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This is a Door
Reviewed by Cameron Woodhead
Rating: 3 out of 5 stars
Pop Up Playground
Theatreworks, season ended
AROUND the turn of the millennium, computer games killed a thriving scene of face-to-face social gaming. We used to have conventions that hosted everything from live role-playing to elaborate strategy; much of that has now migrated online.
Fashion is cyclical, though, and the international games carnival This is a Door at Theatreworks this past weekend was an opportunity for nostalgia as well as an innovative look at new possibilities for interactive play. It wasn’t theatre. It wasn’t even art. But it was spirited, anarchic fun. Read more →
“Games are just agreed sets of temporary behaviour out of which sequences of individual choices and lived experience emerge and become stories of tragic loss and heroic triumph,” says Robert Reid, co-founder of Pop Up Playground. Together with Theatre Works, Pop Up Playground is staging a “social, reactive and immersive” new production this coming weekend – one that harnesses the power of games to help the audience learn something about themselves. Read more →
Review: This is a Door
Written by Nick Spunde
Sunday, 29 July 2012 12:20
For the next two weeks, when someone mentions the word “games”, you know they’ll be talking about all the faster, higher, stronger stuff going on in London. The games that have been happening at Theatreworks this weekend however have been an altogether different affair. For starters, the audience have got to play too.
This Is A Door is the work of Pop Up Playground, a collaboration between comedian Ben McKenzie (Dungeon Crawl), fringe theatre maker Robert Reid (Theatre in Decay) and artist Sayraphim Lothian. It takes its inspiration from the New Games Movement, a 70s counter-culturalist drive to involve people in entertainment that was active and participatory, rather than placing them in the passive role of spectators. Read more →
Posted by Taryn Hunter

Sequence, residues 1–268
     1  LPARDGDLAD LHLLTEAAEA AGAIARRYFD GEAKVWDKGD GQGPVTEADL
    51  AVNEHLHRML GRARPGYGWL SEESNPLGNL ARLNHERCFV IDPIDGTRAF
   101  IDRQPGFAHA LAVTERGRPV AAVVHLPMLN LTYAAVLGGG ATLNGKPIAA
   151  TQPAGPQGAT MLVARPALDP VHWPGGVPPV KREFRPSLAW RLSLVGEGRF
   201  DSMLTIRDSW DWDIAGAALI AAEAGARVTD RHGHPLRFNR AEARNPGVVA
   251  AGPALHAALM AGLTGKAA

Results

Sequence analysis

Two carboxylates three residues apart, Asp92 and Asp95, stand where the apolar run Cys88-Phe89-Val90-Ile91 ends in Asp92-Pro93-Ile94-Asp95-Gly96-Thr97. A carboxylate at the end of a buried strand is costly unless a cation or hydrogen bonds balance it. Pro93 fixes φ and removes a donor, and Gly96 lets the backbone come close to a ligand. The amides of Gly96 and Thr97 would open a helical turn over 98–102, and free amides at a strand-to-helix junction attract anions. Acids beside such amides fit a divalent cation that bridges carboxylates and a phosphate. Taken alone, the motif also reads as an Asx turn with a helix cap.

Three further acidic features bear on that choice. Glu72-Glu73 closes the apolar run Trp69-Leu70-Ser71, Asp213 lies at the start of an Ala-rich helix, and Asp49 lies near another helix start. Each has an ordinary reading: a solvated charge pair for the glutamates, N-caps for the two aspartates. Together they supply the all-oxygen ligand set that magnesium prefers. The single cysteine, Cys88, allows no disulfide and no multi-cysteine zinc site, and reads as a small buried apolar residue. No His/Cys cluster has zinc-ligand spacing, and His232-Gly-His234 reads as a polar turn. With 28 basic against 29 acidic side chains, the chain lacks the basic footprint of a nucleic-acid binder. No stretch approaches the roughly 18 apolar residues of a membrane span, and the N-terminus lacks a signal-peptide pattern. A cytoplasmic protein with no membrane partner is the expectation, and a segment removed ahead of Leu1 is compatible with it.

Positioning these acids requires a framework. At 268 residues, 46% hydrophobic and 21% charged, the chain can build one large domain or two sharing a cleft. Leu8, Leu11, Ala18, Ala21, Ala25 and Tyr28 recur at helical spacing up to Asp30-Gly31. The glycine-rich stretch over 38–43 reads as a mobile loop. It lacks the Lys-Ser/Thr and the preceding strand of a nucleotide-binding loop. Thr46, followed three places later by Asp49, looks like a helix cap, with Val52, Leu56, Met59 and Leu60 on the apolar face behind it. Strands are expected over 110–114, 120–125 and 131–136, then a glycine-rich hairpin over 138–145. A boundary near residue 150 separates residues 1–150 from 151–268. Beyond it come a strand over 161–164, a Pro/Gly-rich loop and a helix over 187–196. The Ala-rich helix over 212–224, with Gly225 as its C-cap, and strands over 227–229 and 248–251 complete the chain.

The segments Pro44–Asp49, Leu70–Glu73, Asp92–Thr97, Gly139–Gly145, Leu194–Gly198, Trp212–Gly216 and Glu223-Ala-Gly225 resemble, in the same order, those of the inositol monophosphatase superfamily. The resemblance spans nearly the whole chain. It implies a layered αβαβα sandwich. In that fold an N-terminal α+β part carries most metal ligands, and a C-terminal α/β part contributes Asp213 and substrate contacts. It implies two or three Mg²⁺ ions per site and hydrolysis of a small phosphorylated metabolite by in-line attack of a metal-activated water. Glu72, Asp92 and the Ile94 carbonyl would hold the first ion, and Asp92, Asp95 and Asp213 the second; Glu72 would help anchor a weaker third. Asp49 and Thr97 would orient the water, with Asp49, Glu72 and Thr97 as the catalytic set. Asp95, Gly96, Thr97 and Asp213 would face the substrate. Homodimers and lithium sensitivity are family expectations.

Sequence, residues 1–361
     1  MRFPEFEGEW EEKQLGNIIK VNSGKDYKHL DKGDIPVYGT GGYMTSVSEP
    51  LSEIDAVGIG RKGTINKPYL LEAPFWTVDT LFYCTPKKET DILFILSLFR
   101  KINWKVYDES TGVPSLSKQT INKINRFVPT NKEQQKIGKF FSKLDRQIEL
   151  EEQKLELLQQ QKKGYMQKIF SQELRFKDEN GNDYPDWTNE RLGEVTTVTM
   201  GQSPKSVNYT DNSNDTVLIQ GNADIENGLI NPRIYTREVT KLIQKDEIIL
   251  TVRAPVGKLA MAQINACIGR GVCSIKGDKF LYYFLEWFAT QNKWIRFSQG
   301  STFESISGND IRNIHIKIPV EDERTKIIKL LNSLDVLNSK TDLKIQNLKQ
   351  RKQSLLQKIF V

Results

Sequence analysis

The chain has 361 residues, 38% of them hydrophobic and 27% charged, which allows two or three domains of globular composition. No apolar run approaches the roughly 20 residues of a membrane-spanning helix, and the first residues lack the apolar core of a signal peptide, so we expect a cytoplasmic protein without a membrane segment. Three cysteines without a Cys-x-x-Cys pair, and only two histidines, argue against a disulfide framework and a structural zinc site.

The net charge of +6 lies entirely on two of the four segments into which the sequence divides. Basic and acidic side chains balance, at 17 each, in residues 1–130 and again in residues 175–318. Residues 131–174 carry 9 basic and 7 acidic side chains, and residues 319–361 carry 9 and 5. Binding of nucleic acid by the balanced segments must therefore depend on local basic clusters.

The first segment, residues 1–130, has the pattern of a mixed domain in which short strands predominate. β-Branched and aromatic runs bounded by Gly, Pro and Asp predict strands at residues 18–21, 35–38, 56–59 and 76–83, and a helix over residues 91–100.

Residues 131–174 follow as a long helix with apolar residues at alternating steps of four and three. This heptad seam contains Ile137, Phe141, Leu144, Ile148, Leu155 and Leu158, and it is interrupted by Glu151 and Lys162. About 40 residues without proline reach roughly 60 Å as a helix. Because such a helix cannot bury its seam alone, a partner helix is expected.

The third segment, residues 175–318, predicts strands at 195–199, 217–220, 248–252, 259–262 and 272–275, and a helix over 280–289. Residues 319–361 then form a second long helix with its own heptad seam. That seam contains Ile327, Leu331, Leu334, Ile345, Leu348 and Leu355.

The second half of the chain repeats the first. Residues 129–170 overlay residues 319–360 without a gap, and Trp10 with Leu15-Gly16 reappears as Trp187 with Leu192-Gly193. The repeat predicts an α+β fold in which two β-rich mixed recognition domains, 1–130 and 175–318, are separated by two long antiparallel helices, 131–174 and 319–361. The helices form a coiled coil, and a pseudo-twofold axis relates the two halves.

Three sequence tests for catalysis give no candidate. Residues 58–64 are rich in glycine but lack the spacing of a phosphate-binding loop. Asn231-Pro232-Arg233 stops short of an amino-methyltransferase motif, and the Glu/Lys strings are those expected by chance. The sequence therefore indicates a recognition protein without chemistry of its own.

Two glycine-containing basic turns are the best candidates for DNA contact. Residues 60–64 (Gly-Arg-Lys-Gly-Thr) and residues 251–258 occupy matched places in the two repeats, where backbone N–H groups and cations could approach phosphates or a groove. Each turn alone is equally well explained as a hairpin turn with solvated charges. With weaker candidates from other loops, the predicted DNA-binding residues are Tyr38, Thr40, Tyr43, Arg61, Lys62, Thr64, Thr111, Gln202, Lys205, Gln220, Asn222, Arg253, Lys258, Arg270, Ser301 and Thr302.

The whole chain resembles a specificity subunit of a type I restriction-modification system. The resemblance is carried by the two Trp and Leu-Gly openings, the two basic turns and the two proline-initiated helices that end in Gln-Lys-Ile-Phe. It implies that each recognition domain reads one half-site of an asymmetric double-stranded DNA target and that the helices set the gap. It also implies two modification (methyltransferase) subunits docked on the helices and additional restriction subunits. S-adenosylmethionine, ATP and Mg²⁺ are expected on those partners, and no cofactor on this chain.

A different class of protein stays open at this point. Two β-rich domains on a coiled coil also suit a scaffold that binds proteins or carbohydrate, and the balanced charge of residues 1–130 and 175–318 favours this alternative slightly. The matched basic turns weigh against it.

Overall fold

When was the last time you played freely, without limits, like a carefree youngster? For me it had been years, so the chance to tap into that inner child for a couple of hours was too good to refuse.
This is a Door
Pop up Playground, Theatre Works
27 July 2012
to 29 July
There are rumours that Cameron Woodhead and I tried to exchange a pash last night.
I’m not confirming or denying anything because what happens at Play Club, stays at Play Club.
But I know that it was the most fun I’ve had in a theatre and I want to go back and do it all again. Read more →
Robert Reid, who has joined forces with fellow Eaglemont resident Sayraphim Lothian, will run This is a Door at St Kilda’s Theatre Works from Friday to Sunday.
The 35-year-old said the concept swapped actors and scripts for social games and play, using them to engage people within a group. Read more →
The play’s the thing: let the adult games begin
July 23, 2012
Melbourne is set to host its first games carnival.
AN EMERGING art form comes into the spotlight next weekend when the public is invited to take part in Melbourne’s first games carnival, This is a Door, at St Kilda’s Theatre Works.
”It is difficult to describe because people immediately think of video games or perhaps board games if they can imagine adults playing games at all,” says comedian and actor Ben McKenzie, one of three people who created Pop Up Playground which is organising the three-day event (the others are Sayraphim Lothian and her fiancee, playwright Robert Reid). ”There really isn’t a proper term for it yet.”
The theatre’s large space will be turned into a festive arena with bunting, lighting and sound for people to join in playing a series of games that include trying to stop someone jumping off a building, putting out the great fire of London and inventing ways to disrupt a wedding ceremony.
McKenzie says in contrast to the anonymity of conventional theatre audiences, the aim is to get people to participate. Read more →
Everyone already knows how to play games. At This is a Door we’ll be playing a lot of new games; some we’ve made up, some that have been made up by our friends in England, America and Europe. One of us will explain the rules and we’ve got all kinds of props to make the games more interesting.
The following helpful guide should give you an idea of the games on offer.
You’re Making a Scene
At the wedding of Mark and Amanda the families can barely keep their dislike of each other in check. Trade places on the seating plan and don’t end up sitting next to some one from a family you’re feuding with.
Race to the Sky
In 1896 two of the local aristocrats climbed into their air balloons in an ill-conceived wager that each would go higher than the other. Be the one to send your balloon highest without losing your clothes peg aeronaut. Read more →